MECKLER: Well I just think it's interesting how, yes, on some level he does reject people because they've been critical of him. He also seems to be perfectly willing to move ahead in other cases where, take the dinner last night with Ted Cruz like nothing ever happened. So he does seem to have a no permanent enemies sort of philosophy. I mean, I don't know how we read the Mitt Romney secretary of state piece. You could -- yes, on one level, it was the same thing where he is someone who was also hypercritical of him, was then brought in as a potential candidate of secretary of state. Of course he didn't get the job. So maybe it was the ultimate sort.

BASH: And there was a rebellion among his --


MECKLER: Yes, exactly, and maybe he does in the end, you know, kind of had the last word when it came to that particular feud. But it just seems like he doesn't seem particularly ideological on this pick. I think the actual substantive piece is the more interesting one.

I mean, you know, Russia has such an important point in this -- for this presidency. He's under so much scrutiny for his ties to Russia and he has also talked so much in a positive way about trying to improve relations with Russia. You would think that he would choose somebody, you will had a little more of an intimate knowledge of our relationship.

[12:50:02] BASH: Yes. That's true, although we were talking before the show about the question of whether Huntsman -- yes, he doesn't have Russia experience but he has experience being ambassador to China which is not unlike the experience he will then opposed as well.

PACE: A very complicated post.

BASH: I want to turn to back home and the question about what Congress is doing, vis-a-vis Russia and broader questions that President Trump put out there about whether his predecessor wiretapped him. And I want to play for our viewers and for you all the comments that Lindsey Graham made to our Manu Raju yesterday.


SEN. LINDSEY GRAHAM, (R) SOUTH CAROLINA: The whole purpose of this is to find out if a warrant was issued, directed at the Trump campaign. Either they're lying to me or there is no information. And I don't believe they would lie to me about this. I expect them to come forward as to whether or not a warrant was obtained or sought.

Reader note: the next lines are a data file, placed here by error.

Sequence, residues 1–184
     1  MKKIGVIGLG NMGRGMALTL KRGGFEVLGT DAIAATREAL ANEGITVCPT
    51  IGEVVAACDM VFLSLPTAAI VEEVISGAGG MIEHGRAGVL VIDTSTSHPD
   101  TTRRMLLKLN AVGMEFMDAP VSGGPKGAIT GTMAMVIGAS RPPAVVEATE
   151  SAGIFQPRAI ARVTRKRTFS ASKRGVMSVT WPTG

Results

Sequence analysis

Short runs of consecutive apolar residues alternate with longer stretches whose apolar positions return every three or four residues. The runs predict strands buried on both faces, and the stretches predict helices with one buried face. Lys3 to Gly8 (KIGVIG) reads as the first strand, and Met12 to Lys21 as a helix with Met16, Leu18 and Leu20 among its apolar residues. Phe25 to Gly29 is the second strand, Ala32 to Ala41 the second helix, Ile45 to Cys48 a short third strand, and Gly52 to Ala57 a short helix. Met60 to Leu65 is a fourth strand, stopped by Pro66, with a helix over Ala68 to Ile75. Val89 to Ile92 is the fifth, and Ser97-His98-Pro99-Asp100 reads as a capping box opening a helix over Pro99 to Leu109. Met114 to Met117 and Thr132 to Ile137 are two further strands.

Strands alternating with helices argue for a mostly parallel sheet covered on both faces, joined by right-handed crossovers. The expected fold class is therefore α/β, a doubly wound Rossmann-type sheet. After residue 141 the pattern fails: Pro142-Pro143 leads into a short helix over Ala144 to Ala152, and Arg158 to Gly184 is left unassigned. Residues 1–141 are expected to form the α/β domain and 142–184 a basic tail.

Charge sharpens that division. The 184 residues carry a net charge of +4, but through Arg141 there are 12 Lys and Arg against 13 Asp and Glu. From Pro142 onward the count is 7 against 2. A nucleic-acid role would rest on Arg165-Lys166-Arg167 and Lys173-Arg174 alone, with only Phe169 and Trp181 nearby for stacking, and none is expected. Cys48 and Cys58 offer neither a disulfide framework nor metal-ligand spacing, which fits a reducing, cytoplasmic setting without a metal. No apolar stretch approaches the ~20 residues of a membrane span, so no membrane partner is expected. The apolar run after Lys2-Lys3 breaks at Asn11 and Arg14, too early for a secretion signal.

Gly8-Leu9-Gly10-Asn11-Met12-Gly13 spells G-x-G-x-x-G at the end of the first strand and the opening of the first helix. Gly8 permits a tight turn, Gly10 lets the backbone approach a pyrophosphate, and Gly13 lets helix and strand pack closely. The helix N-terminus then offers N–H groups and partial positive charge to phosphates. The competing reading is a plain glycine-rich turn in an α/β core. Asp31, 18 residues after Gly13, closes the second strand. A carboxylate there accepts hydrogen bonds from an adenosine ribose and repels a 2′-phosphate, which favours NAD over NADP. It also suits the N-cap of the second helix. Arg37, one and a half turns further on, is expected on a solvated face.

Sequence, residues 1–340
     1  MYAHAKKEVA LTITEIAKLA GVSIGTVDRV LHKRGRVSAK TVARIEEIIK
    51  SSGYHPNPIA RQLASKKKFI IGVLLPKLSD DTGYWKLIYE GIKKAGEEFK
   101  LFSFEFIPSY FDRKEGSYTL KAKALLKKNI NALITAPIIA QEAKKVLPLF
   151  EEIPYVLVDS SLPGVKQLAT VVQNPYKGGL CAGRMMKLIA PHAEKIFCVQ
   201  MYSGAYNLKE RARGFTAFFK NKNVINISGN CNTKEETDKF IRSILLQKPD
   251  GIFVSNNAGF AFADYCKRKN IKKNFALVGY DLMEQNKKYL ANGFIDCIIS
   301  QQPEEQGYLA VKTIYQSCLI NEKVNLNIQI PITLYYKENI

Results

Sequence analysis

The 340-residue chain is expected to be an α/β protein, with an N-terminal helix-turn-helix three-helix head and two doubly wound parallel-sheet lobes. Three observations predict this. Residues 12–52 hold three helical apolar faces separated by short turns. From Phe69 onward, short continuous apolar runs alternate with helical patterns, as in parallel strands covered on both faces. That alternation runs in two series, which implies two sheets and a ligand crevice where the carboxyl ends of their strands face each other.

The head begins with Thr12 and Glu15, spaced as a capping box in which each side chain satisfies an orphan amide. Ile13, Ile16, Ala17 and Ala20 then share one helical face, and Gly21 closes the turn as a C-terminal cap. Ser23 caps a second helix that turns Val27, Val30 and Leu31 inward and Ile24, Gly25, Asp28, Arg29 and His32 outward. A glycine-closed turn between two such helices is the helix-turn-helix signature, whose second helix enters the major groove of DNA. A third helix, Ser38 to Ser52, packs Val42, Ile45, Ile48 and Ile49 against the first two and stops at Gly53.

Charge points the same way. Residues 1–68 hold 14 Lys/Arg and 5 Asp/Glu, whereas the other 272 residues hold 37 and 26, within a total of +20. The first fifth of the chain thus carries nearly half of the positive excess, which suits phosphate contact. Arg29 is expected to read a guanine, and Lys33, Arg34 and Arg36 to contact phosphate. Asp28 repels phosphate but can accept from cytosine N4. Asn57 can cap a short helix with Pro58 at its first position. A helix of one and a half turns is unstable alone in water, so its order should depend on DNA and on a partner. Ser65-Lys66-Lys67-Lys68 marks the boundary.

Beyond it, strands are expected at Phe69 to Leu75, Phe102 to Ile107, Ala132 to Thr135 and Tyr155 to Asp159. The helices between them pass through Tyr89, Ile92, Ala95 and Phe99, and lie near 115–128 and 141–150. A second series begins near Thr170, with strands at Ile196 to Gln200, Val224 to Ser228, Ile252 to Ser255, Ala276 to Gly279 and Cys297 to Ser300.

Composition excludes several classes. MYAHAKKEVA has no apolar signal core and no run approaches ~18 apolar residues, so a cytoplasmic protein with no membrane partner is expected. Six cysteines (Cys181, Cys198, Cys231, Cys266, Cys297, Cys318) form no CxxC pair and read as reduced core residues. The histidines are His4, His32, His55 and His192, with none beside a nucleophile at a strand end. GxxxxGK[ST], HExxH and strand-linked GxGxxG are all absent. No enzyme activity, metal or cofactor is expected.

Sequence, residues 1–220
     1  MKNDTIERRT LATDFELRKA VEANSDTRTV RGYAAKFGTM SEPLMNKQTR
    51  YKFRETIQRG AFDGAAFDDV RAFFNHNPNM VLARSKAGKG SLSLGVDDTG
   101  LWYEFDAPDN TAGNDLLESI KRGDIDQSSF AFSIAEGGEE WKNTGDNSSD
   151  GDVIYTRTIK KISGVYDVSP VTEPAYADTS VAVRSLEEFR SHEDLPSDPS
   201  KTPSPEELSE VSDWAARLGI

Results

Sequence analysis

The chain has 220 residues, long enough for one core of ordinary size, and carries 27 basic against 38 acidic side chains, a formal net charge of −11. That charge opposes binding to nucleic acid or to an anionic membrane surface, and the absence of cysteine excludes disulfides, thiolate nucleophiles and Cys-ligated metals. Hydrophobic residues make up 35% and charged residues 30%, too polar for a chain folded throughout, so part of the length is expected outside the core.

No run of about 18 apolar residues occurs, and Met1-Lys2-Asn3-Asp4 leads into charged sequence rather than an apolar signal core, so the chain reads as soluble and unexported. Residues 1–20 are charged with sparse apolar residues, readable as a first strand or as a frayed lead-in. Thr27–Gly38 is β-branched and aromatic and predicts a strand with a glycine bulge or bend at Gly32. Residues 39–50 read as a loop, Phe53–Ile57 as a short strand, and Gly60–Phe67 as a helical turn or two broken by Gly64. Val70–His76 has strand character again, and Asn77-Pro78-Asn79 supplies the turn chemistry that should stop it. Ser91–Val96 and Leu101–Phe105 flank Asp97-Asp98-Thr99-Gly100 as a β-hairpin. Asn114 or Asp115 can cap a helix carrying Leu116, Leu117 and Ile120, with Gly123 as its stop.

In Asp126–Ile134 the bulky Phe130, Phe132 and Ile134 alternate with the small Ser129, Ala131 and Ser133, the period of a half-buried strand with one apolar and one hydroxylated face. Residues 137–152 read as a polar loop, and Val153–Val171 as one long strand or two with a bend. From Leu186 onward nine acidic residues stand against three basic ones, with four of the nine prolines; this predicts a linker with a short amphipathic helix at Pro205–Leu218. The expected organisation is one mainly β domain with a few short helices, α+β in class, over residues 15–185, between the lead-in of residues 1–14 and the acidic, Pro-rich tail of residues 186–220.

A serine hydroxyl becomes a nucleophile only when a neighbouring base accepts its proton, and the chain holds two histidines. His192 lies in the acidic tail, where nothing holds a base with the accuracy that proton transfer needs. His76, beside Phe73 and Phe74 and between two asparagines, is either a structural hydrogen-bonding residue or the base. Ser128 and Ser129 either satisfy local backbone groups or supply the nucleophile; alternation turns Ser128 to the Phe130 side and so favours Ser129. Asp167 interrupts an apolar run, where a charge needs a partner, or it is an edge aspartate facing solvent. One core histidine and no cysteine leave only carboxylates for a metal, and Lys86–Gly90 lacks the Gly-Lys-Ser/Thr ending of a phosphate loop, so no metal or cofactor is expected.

MANU RAJU, CNN SENIOR CONGRESSIONAL REPORTER: And will you subpoena this information if they don't comply?



BASH: OK, it's kind of genius, right, because they want to get the wiretapped warrant. And if the wiretapped warrant doesn't exist, then, guess what, it didn't happen.

MATTINGLY: Yes. You kind of get the sense Senator Graham knows what he's doing in situations like this. And this isn't just his committee. And he's operating on a subcommittee that's doing its own Russia investigation. There's also the Senate Intel Committee. Those senators have been shuttling out to the CIA headquarters in the midst of this investigation.

But the most interesting, I want to talk, just Lindsey Graham obviously who has made his opposition to various Trump issues known in the past. It's kind of up and down the line. You have -- with Manu, who've been up on the Hill for the last week asking people about this. And from Devin Nunes on down, even people who are supporters of Trump say, look, there's no evidence. I haven't seen it. Don't try and be mean about it but they're just saying, this is ridiculous. It doesn't exist.

BASH: That was from (inaudible). You just gave me the perfect segue to run something that the vice president said or maybe didn't say in response to a question about that.


JOHN KOSICH, NEWS 5: Yes or no, do you believe that President Obama did that?

MIKE PENCE, VICE PRESIDENT OF THE UNITED STATES: Well, what I can say is that the President and our administration are confident that the congressional committees in the House and Senate that are examining issues surrounding the last election, the run-up to the last election, will do that in a thorough and equitable way.


BASH: I didn't hear a yes or a no there, Olivier, did you?

KNOX: No, you'll not going to hear a yes or no. I do love the idea that when asked to sort of substantiate this incredible and frankly implausible allegation, they say, they defer to Congress, basically. We're not going to provide it.